Author- CONRAD LANDIN
SERCO came under fire for sponsoring a float at Manchester Pride this weekend at the same time it is pressing ahead with evicting refugees in Glasgow.
The outsourcing giant will hand over the Home Office contract for housing asylum-seekers to the Mears Group next month.
But it is still changing the locks of those whose applications have been rejected, even while they are still appealing.
Serco had a balloon prominently placed at Manchester’s LGBT Pride procession on Saturday, carrying the message: “Proud to be at Pride: Serco: We love.”
The Manchester branch of feminist group Sisters Uncut accused Serco of using the event to “sanitise their image.”
The stunt was also condemned by Scottish tenants’ union Living Rent, which is resisting the evictions alongside refugee and community groups.
“If Serco want the public to view them as an organisation that is concerned with the wellbeing of communities, they’d be as well to not make hundreds street homeless across the city of Glasgow,” Living Rent organiser George Lavery told the Star.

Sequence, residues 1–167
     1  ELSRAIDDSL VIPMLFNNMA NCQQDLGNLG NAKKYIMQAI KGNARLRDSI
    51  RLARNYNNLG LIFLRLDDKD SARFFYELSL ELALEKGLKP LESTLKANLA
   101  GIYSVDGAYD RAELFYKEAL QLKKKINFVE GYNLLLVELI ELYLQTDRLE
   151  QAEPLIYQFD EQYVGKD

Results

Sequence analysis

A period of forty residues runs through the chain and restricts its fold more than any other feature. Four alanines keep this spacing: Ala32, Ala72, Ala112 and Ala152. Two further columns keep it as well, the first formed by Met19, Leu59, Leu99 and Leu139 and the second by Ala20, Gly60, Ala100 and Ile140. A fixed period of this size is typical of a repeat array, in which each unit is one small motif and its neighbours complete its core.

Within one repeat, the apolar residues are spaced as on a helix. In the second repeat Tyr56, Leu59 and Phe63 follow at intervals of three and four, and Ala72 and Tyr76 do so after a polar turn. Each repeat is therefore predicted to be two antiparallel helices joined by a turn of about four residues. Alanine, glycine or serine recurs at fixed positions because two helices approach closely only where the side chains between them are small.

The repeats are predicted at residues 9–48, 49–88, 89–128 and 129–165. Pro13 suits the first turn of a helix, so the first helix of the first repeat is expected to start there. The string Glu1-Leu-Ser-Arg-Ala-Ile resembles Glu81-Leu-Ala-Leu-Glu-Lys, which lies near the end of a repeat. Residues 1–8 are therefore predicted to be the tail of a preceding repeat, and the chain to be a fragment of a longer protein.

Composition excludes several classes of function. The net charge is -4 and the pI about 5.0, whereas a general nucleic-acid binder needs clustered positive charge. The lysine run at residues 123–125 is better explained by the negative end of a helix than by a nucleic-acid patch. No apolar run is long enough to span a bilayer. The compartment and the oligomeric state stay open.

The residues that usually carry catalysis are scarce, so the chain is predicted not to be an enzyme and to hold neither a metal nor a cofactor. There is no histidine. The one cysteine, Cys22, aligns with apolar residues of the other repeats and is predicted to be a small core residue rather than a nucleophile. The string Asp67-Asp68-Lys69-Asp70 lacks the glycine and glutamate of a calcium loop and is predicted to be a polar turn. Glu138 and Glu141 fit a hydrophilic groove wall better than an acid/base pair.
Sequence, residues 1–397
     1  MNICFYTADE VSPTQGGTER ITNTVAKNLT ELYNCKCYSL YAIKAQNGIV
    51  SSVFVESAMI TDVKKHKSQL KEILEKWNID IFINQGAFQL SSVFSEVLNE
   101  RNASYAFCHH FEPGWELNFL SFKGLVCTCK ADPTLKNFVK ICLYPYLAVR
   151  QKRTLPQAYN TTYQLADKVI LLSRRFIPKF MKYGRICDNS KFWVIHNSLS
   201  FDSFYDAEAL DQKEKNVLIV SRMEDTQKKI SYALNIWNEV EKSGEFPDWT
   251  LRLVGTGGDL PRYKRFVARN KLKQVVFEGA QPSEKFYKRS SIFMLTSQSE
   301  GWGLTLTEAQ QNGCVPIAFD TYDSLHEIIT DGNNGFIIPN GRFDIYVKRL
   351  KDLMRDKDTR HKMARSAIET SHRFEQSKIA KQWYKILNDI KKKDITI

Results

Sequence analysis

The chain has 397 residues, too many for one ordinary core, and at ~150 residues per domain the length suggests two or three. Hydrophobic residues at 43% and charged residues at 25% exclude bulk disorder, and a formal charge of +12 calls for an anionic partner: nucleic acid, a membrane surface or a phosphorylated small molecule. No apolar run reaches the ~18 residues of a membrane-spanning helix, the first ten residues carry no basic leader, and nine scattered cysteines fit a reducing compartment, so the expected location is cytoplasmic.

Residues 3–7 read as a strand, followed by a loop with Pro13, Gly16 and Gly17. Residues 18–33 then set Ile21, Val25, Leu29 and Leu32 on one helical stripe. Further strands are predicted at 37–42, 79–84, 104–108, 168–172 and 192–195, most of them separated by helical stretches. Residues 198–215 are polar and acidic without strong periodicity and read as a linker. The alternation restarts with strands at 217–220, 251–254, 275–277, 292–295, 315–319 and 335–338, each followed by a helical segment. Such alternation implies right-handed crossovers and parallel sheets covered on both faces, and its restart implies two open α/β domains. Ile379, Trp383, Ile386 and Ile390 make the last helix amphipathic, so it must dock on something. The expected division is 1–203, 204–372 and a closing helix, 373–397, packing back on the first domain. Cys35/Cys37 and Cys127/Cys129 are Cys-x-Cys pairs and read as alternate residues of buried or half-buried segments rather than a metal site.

“It’s hypocritical for Serco to try and present an image of themselves as socially conscious while they’re extremely callously implementing evictions that are putting vulnerable people into street homelessness in the name of profit.”
Earlier this week the Scottish Refugee Council (SRC) accused Serco of “using surveillance methods” to carry out the evictions while people “are temporarily out of their homes, either to go to the shops or to appointments.”
The charity said that one man had “left his property for a few hours to go to a hospital appointment,” and returned home to find that his locks had been changed.
“When questioned about this, Serco claimed that he had abandoned his property,” an SRC spokesman told Glasgow’s Evening Times newspaper.
However Serco asylum housing chief Jenni Halliday told the same newspaper: “Far from being the villain of the piece that some people would have us, the reality is that for the past three years and at our own expense, Serco has been providing more accommodation and support for former asylum-seekers than any other organisation in Scotland.
“We have also made £150,000 available to local charities in the Glasgow area.”